Do you succumb to attentional blindness when making decisions? Leaders are prone to decision-making errors when they don’t notice information that’s readily available if only they’d ask for it. Apparently the skill of noticing isn’t widely practiced, as Harvard professor Max Bazerman reveals in his book The Power of Noticing: What the Best Leaders See (Simon & Schuster, 2014).

With every important decision, leaders should really be asking themselves:

  • “What information should I gather, beyond the basic facts?”
  • “What information would help inform my decision?”

We can see examples of poor attention in popular YouTube videos, where viewers are asked to watch a basketball game and tally the number of passes made.

The social scientists behind the videos don’t really care whether you accurately record the passes. What truly interests them is whether you notice the man in a gorilla suit who walks onto the court. (In earlier research, they featured a woman with a red umbrella.) You can search for similar experiments on YouTube using the terms inattentional blindness or selective attention.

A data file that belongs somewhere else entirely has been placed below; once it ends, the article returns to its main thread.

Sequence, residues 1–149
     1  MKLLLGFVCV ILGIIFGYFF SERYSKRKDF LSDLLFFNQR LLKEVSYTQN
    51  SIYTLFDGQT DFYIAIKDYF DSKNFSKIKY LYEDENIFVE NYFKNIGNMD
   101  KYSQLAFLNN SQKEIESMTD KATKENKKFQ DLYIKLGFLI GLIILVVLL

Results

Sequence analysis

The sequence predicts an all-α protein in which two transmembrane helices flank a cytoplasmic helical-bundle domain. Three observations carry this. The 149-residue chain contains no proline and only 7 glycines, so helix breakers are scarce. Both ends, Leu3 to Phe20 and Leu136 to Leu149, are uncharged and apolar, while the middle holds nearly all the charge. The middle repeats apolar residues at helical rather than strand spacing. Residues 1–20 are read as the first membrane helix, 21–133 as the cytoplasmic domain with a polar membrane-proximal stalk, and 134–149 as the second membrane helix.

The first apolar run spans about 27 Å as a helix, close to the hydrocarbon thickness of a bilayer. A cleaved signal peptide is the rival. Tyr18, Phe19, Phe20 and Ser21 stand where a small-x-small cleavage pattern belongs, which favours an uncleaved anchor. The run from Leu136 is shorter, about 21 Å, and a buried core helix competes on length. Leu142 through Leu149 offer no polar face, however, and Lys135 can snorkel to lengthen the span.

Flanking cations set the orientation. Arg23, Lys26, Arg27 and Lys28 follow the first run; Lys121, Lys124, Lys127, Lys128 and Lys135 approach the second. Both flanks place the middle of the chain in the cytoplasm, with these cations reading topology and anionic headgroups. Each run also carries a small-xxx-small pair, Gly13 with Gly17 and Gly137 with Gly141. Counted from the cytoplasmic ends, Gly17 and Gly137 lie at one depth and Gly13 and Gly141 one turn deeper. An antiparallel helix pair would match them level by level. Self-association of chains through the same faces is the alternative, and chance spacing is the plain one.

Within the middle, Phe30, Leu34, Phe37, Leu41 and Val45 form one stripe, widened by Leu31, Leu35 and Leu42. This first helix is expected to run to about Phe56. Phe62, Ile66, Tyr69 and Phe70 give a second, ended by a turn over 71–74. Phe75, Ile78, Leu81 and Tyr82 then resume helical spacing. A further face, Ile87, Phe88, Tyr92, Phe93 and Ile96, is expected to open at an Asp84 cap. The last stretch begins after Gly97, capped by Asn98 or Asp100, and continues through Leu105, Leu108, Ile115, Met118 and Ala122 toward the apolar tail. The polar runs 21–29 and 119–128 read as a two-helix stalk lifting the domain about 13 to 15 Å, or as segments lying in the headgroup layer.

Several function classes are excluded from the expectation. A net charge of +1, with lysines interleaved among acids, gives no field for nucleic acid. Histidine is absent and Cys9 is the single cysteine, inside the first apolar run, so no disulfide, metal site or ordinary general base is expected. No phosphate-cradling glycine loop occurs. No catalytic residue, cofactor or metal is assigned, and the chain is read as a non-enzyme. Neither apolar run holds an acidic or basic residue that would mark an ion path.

Many viewers are so focused on counting passes that they miss seeing the gorilla or red umbrella. The same phenomenon frequently occurs when we problem-solve and make business decisions. We see only what we define as the “important information”—something 1978 Nobel Prize-winning economist Herbert Simon termed “bounded rationality.”

More recently, Daniel Kahneman, a 2002 Nobel Prize winner, demonstrated that systematic and predictable biases affect even the best and brightest among us. Even when we strive to be ethical and rational, we miss—or fail to seek out—critical information that’s readily available in our environment.

Noticing pertinent information is essential to successful decision-making, and it has become a defining leadership quality. Too many avoidable failures remind us of the consequences:

  • NASA’s Challenger explosion
  • Enron’s accounting irregularities
  • Bernie Madoff’s Ponzi scheme
  • Penn State’s Jerry Sandusky scandal
  • USB, Barclays, LIBOR and other bank frauds
  • The housing-bubble collapse

Apart from these infamous disasters, untold decisions are made every day by leaders in charge of maximizing profits while ensuring customer safety and trust. How many leaders are truly vigilant in today’s complex marketplace?

What’s been your experience in noticing pertinent data for optimal decision-making? I’d love to hear from you. You can contact me here or on LinkedIn.